Also known as Online Gaming Disorder, this occurs when children become addicted Gaming either on or off line. Game designers have created the games, in such a way as to encourage hours of play to advance in a game. The games are based on a reward system. The player is rewarded for the amount of time spent in the game. This excitement that a player feels after gaining a level up, or advancing to the next stage, of the game releases Dopamine in the brain. This feeling a player experiences, is similar to what is described as the kick a person addicted to substances experiences. Player over time seek to experience the feeling of attaining the reward again, and again. Reward seeking behaviour, combined with a lack of self control, can lead to addiction problems.
Games are different to those in the past, in that many games have no ending. Games also reward multi-player interaction, making the games a very social experience. Some games are designed to punish players who leave the game. The game continues while the player is off line. Some may return to the game and discover all of their hard work and hours of play destroyed. There are numerous factors in gaming, which can lead to developing attictive patterns of play. Being fimilar with the type of game and the game objectives, can help parents decide if the game is suitable for a child. Ireland now has centres offering treatemnts for Gaming Addiction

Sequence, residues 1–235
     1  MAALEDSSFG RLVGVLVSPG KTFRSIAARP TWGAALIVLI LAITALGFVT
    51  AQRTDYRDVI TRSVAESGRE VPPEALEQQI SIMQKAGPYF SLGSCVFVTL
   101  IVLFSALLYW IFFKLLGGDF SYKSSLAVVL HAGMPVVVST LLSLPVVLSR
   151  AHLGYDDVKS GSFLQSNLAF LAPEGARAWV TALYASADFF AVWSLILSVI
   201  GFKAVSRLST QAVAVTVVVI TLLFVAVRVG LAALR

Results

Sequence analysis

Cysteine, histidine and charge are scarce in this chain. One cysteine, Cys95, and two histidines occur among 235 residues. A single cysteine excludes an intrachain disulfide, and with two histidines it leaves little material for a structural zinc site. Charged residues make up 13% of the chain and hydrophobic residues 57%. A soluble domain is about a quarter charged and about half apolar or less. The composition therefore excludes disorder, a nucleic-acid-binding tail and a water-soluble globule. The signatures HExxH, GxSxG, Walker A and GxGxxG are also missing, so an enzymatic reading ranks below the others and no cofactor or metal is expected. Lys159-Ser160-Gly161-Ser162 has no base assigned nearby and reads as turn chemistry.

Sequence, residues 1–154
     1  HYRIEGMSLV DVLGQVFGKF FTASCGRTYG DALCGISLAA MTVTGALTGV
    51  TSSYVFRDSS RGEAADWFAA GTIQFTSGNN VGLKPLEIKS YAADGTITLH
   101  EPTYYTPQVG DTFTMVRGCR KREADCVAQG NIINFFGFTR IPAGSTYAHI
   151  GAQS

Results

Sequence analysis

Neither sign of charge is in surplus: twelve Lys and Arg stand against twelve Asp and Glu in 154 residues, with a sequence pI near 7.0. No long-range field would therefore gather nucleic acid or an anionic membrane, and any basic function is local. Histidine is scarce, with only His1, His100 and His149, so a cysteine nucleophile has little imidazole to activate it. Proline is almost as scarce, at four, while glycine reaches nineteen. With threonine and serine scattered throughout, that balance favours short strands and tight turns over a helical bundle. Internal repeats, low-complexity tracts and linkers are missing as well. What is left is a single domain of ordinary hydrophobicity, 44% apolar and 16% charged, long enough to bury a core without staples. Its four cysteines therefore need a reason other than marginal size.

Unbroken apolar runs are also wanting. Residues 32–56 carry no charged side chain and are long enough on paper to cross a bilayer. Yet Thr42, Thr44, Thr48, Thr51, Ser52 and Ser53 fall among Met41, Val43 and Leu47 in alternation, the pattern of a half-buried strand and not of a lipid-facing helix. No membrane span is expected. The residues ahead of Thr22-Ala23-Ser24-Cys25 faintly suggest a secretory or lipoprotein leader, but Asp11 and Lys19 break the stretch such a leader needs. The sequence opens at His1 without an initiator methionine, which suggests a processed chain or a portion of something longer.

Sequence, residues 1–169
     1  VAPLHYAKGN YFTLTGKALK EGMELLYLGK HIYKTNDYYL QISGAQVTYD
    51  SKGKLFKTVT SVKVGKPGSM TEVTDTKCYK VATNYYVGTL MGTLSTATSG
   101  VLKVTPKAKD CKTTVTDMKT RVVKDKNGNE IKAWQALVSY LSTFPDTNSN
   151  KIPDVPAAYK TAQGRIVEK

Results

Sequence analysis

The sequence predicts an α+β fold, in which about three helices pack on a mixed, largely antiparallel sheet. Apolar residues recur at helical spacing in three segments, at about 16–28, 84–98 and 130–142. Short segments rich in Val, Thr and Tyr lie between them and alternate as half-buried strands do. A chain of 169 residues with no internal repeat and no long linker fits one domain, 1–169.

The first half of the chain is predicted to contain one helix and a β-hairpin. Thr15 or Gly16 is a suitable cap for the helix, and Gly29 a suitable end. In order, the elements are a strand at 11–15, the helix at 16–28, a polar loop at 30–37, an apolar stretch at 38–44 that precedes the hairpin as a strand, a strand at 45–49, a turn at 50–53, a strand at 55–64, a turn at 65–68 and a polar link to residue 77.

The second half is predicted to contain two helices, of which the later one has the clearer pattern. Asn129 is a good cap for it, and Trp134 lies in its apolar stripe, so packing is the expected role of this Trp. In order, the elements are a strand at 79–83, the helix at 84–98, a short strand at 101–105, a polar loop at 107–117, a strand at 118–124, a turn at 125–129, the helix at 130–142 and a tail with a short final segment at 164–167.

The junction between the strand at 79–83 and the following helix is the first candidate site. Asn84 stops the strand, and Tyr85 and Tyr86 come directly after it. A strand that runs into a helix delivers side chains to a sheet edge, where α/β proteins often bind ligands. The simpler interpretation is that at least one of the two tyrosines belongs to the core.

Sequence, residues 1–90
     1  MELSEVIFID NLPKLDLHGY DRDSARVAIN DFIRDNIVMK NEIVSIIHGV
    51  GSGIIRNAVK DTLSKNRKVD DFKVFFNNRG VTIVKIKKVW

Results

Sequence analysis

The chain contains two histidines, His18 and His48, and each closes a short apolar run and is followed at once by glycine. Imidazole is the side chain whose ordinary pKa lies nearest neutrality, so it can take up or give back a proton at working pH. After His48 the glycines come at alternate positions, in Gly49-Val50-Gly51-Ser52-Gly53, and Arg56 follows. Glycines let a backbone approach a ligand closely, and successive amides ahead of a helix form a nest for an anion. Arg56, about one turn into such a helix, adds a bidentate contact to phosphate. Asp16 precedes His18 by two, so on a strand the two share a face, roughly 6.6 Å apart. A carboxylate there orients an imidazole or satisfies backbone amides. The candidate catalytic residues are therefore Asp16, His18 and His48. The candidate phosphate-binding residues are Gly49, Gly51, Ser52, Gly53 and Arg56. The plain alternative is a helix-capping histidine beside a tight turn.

Advice for Parents
- One of the first steps to take, is to establish is there a problem, is the child socially withdrawn, spending countless hours playing games, neglecting themselves and responsibilities. Do they react aggressively if there is an attempt made to break or interfere with the gaming cycle. If so then there may be an addiction problem
- Encourage children to reduce the time playing the game. Suggest they engage in some other interest preferably a physical activity
- Parents should be supportive and encourage efforts of a child who wishes to withdraw from games if this has become an issue
- You can restrict access to devices, or set a period of time before the device can be used again